Whether you're a dedicated gardener, a green-living expert or an environmentally conscious city dweller, chances are you'll be able to benefit from composting. Not only does composting reduce the amount of waste your household tosses into the garbage can, but it also produces nutrient-dense humus for fertilizing your garden soil and potted plants. If you're on a tight budget, pallet compost bins provide a creative but affordable way for you to begin composting.
Wooden shipping pallets are a common sight behind just about every large warehouse or shipping facility in the United States. Using these pallets to make compost bins provides an easy way to reuse and recycle old or damaged pallets. The structure of wooden pallets also promotes natural compost aeration, since air can flow easily between the wooden slats. This natural airflow leads to quicker decomposition of your compost materials.
Although reusing wooden pallets is a wonderful way to keep them from cluttering up landfills, they're not all ideal materials for building a compost bin. In some instances, containers of harmful chemicals spill on the pallets that are supporting them. Using these pallets for a compost bin could result in contamination of your compost. When you're searching for wooden pallets, make sure they weren't spilled on in the past by potentially harmful chemicals. When in doubt, pass up a pallet and keep looking.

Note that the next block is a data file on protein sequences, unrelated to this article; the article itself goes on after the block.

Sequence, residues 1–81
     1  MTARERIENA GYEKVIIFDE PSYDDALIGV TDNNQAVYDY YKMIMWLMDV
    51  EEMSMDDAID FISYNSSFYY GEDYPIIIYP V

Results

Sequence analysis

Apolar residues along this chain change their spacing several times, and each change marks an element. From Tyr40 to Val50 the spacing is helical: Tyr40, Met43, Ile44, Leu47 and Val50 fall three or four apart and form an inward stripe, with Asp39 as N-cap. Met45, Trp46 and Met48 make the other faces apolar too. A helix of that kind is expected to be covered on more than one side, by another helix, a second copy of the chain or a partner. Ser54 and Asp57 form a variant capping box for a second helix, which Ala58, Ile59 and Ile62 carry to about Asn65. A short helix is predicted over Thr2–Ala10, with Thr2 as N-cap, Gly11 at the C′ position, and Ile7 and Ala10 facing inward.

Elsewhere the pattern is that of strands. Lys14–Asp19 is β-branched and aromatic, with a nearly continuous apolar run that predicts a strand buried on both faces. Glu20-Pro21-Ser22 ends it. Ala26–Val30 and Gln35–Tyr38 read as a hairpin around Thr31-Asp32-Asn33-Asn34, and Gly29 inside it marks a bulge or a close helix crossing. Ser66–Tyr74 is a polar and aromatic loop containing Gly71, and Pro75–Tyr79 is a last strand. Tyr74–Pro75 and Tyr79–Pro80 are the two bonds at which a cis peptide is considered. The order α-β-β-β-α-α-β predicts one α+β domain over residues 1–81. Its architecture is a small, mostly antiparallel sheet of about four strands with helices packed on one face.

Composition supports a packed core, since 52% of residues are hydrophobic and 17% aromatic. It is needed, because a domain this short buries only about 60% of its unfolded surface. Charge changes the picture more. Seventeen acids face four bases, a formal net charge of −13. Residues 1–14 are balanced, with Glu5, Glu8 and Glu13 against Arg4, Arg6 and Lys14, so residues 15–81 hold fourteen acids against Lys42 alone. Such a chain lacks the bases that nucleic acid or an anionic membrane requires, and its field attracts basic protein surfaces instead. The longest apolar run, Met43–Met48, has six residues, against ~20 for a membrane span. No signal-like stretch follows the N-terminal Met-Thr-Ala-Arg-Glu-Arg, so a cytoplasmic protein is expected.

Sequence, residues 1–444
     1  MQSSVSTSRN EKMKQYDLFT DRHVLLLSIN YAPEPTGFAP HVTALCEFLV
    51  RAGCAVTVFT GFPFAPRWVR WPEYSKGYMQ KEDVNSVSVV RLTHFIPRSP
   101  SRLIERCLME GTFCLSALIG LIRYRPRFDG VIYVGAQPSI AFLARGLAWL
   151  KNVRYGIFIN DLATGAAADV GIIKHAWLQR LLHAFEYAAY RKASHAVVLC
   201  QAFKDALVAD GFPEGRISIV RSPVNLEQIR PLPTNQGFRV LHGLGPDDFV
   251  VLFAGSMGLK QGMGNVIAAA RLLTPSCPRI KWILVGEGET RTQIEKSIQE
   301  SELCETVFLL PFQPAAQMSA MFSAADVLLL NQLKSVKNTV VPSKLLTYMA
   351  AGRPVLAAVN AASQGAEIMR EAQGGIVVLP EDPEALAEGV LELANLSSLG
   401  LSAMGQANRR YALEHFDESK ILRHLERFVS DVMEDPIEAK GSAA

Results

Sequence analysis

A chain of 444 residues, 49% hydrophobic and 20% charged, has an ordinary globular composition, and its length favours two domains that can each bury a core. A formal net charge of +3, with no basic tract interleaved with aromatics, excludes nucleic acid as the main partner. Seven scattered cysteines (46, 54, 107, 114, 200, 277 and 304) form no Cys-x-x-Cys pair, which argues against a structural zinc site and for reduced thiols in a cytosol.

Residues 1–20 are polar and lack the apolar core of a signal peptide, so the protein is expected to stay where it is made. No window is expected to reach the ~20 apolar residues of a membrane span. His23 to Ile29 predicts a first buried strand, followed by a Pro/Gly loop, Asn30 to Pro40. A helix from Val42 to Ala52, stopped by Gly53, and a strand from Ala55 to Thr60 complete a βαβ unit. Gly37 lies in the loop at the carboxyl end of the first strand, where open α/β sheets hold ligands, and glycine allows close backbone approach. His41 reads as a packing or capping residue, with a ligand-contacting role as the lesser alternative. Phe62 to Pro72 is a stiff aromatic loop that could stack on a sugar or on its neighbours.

Look for pallets that are at least 3 feet by 3 feet. These dimensions allow you to use one pallet per side to construct a bin that is 3 cubic feet, the minimum size required for proper hot composting. Check the slats to make sure that they're not too far apart. Try to find pallets with boards that are 2 inches apart or closer.
The amount of time required to produce finished compost with a pallet compost bin varies, depending upon the ingredients that you placed in your compost. Overall, according to the University of Illinois Cooperative Extension, compost-holding units such as a pallet bin typically take six months to two years to produce finished composted. You can speed up the composting process in your pallet compost bin by mixing your compost with a manure fork every one to two weeks; the more frequently you mix it, the more quickly you'll have finished compost.
If you opt to use four pallets for the sides of your compost unit, you can create a box-shaped pallet bin that should contain your compost well but may be more difficult to access. If you plan to mix your compost regularly, you should construct a three-sided pallet compost bin so you can lift and mix the organic waste in your bin more easily. Although you can use another pallet to make a bottom for your compost container, leaving the bottom open exposes your compost to the ground, which allows the decomposing bacteria in the soil to have more direct access to your organic materials.